Lights closer to reality at Avon turf field after split finance board vote
By Ted Glanzer
AVON – Lights are close to becoming reality at the new Avon High School synthetic turf field.
The town’s Board of Finance in late November approved contributing up to $235,000 of the $375,000 project to install light poles and lights around the field.
Voters approved the $3 million synthetic turf field at a December 2018 referendum and included conduits and light pole fixtures, but not lights.
A group of fundraisers named ACORN has raised $140,000 of the funds, with the remaining funds coming from the town (though the finance board encouraged ACORN to continue to raise funds).
ACORN, according to Town Manager Brandon Robertson, asked the Town Council at a special meeting earlier in November to help install the lights, to which the council agreed.
In a 4-2 vote, with one abstention, the finance board agreed to appropriate some of the $465,000 the town received back as a premium from the sale of bonds used to finance the turf project.
Robertson said the premium funds the town received back could be used for one of two things: fund a portion of the capital project, which in this case would include the lights, or be used to retire debt service.
During the meeting, Robertson noted if a portion of the funds the town received back weren’t used for the lights, they’d be used entirely for debt service, which could mean offsetting a tax increase or additional capital spending.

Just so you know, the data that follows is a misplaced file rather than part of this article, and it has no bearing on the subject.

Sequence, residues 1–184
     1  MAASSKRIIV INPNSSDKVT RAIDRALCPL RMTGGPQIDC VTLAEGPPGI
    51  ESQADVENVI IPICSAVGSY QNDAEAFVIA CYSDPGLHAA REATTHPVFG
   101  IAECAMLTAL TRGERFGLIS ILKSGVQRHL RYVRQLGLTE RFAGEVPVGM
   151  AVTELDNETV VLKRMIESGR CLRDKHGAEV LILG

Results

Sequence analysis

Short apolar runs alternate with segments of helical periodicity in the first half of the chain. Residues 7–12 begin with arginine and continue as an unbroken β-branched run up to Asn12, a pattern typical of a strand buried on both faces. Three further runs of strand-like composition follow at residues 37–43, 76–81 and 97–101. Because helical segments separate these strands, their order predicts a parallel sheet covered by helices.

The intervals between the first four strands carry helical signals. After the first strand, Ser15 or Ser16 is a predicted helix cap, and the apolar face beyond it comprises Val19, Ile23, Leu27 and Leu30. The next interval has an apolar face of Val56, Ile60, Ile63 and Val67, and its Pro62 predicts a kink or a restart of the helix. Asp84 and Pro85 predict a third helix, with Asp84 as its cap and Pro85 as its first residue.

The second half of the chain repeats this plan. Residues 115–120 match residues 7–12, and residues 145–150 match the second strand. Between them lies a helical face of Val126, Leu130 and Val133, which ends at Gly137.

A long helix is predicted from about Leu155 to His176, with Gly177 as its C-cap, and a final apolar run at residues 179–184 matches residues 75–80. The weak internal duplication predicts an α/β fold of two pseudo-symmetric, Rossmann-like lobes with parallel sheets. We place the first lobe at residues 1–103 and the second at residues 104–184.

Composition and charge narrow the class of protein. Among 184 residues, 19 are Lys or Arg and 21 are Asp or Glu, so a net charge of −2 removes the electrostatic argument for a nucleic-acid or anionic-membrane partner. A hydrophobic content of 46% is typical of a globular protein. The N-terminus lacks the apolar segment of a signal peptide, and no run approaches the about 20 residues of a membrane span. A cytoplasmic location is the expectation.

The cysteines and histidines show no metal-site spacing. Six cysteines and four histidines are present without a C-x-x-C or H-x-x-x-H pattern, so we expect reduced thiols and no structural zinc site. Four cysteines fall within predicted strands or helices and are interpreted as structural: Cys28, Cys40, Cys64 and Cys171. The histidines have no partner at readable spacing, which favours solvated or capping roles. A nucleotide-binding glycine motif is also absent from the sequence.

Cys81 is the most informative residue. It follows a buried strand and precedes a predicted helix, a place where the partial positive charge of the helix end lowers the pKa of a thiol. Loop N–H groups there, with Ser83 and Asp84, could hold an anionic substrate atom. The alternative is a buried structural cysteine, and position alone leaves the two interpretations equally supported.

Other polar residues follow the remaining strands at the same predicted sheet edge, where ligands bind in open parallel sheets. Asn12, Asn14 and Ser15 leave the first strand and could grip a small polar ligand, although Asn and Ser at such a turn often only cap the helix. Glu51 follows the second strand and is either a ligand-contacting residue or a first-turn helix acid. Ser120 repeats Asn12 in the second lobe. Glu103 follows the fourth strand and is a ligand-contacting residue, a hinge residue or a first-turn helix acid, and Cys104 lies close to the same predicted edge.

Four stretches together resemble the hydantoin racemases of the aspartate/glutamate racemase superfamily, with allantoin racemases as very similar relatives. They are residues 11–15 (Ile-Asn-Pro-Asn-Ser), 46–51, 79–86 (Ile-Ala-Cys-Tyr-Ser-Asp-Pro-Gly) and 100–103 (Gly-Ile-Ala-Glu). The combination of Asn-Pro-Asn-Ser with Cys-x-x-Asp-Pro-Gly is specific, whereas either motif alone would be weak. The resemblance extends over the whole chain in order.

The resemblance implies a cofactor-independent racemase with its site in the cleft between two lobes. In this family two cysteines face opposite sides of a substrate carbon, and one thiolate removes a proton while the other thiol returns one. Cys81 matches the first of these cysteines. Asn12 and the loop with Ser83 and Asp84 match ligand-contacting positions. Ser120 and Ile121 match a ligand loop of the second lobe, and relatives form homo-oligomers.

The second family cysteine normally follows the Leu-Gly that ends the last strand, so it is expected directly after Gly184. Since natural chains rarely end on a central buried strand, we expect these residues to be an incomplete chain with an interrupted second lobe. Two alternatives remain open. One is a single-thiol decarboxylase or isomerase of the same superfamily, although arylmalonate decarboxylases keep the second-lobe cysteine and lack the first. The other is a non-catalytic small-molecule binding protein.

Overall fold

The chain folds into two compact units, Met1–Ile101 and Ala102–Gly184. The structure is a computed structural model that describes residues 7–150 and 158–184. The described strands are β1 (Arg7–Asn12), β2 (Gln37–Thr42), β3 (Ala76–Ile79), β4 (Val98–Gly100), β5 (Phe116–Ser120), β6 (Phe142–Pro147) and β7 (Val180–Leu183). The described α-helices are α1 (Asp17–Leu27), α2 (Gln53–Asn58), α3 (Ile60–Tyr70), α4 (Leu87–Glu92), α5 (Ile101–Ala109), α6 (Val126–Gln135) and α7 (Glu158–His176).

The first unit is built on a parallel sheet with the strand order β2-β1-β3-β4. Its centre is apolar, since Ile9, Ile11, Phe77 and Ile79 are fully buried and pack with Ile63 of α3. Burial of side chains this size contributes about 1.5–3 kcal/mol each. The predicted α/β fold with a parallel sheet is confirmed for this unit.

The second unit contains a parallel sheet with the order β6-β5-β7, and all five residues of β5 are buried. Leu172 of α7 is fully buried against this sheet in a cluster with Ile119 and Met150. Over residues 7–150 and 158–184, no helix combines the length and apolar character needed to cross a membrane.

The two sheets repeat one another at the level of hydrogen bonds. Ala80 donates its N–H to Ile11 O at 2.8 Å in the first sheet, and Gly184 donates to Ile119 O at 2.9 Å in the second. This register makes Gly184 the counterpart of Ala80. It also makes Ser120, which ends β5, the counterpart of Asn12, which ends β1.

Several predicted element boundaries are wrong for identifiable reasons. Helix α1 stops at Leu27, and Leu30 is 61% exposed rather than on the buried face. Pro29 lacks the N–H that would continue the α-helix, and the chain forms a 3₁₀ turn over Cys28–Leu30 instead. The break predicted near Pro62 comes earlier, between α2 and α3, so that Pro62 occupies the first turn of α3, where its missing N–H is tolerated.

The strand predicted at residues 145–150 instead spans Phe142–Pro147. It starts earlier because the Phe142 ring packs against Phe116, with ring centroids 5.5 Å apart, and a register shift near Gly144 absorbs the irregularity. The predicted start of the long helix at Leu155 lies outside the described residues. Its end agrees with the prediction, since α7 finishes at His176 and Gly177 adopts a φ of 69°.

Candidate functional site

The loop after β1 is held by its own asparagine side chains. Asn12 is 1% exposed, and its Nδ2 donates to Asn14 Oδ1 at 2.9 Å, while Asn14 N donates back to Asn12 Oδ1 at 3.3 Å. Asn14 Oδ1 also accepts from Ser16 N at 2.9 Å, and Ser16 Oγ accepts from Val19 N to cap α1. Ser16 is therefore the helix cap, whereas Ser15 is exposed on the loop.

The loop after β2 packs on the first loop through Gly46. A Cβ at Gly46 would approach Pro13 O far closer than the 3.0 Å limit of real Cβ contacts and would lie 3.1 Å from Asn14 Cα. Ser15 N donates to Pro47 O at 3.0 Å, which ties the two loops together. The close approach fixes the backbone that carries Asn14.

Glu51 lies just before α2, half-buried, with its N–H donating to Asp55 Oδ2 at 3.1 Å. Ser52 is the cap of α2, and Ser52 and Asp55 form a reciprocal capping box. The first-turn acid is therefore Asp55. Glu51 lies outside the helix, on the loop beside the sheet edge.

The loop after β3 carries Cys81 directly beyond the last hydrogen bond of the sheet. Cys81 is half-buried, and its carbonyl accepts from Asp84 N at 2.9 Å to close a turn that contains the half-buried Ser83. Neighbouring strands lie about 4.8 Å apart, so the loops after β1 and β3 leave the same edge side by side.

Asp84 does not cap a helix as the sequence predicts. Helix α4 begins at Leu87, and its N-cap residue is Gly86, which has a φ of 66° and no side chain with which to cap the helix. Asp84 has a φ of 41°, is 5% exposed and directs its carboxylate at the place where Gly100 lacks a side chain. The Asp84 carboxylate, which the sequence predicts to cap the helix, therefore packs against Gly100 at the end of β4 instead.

Robertson said the Town Council voted in favor of the use of the funds because the timing was right and there might not be another opportunity to get the project done.
Town Council Chairwoman Heather Maguire told the finance board she wouldn’t have endorsed the project if she didn’t believe the town could handle it financially.
Finance board members Cathy Durdan, Chairman Tom Harrison, Ellen Retelle and Cathy Salchert voted in favor of the appropriation, with members Margaret Bratton and Katrina Marin voting against. Ken Birk abstained.
According to the meeting minutes, Bratton said when she voted in favor of the project going out to referendum, she agreed with the bases and conduits for the lighting being installed as part of the portion that the town paid for. However, she said she was uncomfortable funding the lights, noting that businesses and individuals were having a hard time, and other things would be viewed as a higher priority to residents.
Marin agreed with Bratton, noting that the full impact of the pandemic still wasn’t known and the most fiscally responsible thing to now was to pay off debt with the premium funds. Marin said ACORN should continue with its fundraising and questioned why the lights weren’t included in the project to begin with. She said she was told ACORN would take responsibility for the lights.
Other members, however, supported the project.
Salchert expressed reservations over approving funding for the project after it had been out of the public’s eye since the summer. In addition, she said she was troubled over voting on such a high-profile project just days before Thanksgiving, but that was best for the community.
Retelle agreed that it felt rushed, but that it was important to the high school students and the town.
Durdan said that, given the support the lights project received from emails from supporters and the comments she heard that evening, she also supported the project.
ACORN, for its part, continues to push to raise an additional $15,000 through its Lights on Avon campaign through the end of the year. As of Dec. 8, the organization had raised $10,000 of its goal.
People may buy bricks or donate directly at lightsonavon.org.